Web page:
KANSAS CITY, Mo. — The intersection at 39th Street and Southwest Trafficway in Kansas City’s Westport neighborhood is always busy, even at 3 a.m. on a Sunday.
“I’m very, very, very, grateful to still be here,” said Nate Jones, who nearly died at that intersection on September 17 while crossing it. Jones had spent that Saturday night celebrating his partner’s birthday with friends.
Kansas City police detectives told Jones what happened since he doesn’t remember the impact itself.
Traffic camera video at that intersection shows a driver running a red light while on their cellphone and hitting Jones. Two people were in the car and they never stopped.
Even though Jones can’t remember what happened, he says he doesn’t want to. All he told us is what the detective working his case relayed to him.
“They hit me, I rolled over the top, sat on [the roof] for about 25 yards, and then rolled off the back,” he said.
Jones slammed to the ground, lifeless and unconscious.
Some people who he referred to as his “angels” stopped to call 911 and stayed with him until help arrived. He doesn’t know who those people are but said he would love to meet them and thank them.
An ambulance rushed him to The University of Kansas Medical Center just a mile down the road where he spent the next 10 days in the hospital.
“I cried literally every day, multiple times a day. I probably experienced every emotion that someone can experience within 10 days,” he said.
Miraculously, he did not suffer any brain or spinal cord injuries. However, he does have a severe road rash from his chest to his hips along with a compound fracture, broken leg, broken arm, and several fractured bones.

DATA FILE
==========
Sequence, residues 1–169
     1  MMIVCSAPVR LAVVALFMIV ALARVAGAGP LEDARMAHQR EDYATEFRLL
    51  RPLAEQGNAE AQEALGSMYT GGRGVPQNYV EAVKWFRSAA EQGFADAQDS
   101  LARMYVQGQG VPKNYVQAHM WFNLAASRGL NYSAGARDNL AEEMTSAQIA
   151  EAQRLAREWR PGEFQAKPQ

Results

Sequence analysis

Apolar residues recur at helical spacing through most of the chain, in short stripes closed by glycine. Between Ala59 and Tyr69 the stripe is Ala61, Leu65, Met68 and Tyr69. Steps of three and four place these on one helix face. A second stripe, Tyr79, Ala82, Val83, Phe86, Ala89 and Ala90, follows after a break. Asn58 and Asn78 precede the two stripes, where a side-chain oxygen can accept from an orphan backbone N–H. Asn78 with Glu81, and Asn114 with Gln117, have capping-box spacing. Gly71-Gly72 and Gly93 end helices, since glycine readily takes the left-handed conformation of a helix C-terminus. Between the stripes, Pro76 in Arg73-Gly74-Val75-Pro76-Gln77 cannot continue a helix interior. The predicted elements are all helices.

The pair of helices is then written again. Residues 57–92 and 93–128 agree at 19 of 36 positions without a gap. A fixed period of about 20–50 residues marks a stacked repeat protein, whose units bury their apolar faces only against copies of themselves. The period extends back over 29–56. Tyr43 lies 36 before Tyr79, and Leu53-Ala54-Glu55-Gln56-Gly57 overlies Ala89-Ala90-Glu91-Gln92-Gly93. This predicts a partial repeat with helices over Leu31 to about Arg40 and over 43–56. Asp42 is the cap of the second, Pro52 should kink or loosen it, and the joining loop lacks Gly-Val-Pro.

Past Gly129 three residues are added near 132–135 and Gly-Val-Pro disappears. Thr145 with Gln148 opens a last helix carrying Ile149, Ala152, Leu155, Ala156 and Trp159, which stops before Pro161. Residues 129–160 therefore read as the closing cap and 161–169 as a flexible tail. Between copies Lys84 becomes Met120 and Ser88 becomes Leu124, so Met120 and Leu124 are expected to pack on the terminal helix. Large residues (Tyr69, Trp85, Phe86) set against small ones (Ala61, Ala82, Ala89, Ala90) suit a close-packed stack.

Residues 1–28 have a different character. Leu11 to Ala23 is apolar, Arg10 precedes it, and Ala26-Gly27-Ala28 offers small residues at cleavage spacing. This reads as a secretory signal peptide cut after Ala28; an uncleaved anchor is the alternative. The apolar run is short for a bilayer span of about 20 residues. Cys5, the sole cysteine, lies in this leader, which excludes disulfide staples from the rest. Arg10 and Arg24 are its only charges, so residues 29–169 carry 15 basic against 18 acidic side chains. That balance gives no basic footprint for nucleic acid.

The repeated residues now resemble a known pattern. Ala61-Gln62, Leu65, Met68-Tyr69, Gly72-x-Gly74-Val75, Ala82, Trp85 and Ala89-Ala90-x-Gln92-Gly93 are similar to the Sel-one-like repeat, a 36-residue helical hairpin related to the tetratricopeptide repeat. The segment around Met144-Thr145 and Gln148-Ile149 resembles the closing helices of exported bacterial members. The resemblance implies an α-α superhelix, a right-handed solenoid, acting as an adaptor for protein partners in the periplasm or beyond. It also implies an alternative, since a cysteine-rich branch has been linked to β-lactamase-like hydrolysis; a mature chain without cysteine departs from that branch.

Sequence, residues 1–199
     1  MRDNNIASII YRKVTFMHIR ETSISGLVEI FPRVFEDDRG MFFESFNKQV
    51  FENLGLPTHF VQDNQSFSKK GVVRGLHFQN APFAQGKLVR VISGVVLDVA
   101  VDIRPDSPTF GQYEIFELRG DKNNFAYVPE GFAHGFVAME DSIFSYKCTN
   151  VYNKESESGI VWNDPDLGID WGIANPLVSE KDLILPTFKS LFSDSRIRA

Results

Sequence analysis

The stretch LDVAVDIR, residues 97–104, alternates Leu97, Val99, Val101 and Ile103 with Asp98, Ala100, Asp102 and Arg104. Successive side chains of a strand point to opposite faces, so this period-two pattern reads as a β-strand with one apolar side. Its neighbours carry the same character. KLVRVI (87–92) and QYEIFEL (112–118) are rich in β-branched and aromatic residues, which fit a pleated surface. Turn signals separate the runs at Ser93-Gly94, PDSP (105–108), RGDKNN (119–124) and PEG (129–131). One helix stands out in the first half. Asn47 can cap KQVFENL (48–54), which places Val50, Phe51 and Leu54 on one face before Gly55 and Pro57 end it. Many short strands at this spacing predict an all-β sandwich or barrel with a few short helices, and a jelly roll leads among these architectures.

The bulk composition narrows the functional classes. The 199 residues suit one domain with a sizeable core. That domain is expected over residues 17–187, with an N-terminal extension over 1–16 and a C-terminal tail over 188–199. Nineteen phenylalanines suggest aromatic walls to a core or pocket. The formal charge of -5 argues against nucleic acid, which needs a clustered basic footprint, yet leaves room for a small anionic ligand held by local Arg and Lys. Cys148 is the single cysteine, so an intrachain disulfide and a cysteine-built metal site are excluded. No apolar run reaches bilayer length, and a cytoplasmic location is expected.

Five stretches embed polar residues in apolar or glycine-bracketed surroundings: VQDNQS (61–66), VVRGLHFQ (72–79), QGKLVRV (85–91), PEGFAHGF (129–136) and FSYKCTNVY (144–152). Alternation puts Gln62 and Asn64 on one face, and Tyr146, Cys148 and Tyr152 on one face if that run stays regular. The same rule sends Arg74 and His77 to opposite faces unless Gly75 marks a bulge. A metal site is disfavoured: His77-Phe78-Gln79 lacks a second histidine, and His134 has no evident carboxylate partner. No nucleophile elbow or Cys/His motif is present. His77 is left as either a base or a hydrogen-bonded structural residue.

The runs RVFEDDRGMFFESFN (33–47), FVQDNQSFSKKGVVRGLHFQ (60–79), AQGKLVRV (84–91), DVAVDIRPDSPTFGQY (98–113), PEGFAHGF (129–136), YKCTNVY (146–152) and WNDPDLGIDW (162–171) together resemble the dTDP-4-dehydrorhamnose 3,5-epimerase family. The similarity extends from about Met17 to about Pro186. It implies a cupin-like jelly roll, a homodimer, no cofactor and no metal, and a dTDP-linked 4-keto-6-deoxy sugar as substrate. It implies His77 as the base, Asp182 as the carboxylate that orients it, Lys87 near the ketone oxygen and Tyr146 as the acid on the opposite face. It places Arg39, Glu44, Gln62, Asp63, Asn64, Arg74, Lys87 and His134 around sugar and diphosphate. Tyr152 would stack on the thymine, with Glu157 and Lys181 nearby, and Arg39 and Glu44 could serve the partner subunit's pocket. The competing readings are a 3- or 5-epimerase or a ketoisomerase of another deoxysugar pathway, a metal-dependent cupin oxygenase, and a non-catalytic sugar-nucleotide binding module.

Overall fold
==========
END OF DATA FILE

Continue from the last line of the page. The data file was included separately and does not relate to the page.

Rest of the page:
Friends and family stayed by his side every day, so much so that his mother made a comment to him, but Jones told her he needed it. The camaraderie kept him going as he stayed confined to an ICU bed for 3-4 days before he moved to his own room to work on standing and pivoting.
Twenty days later, he’s making progress. In fact, just last night he walked for the first time since the crash using a walker.
“Physically I feel good, I feel very good,” he said.
He has his days mentally: some are good and very positive while others he just wants to be alone. Doctors expect him to be walking again in five weeks, something he was shocked to hear.
Jones is temporarily living with his parents in central Missouri until he’s back to normal. His rehabilitation will last another 6-8 weeks as the search for the person who hit him continues.
Detectives told his family they had a few leads but nothing that’s resulted in an arrest.
“This situation could have, thank God it didn’t, but it could have ended my life because someone didn’t stop at a light, and they were on their phone,” Jones said.
His message to the couple who hit him and left him for dead is this: pay attention to the road, stop at a red light, don’t speed through a yellow light, and put your phone away.
His partner has started a GoFundMe to help cover his $70,000 and counting medical bills. So far, it’s raised $23,000, and Jones said several of the bars and restaurants he frequents are holding fundraisers as well to help him financially.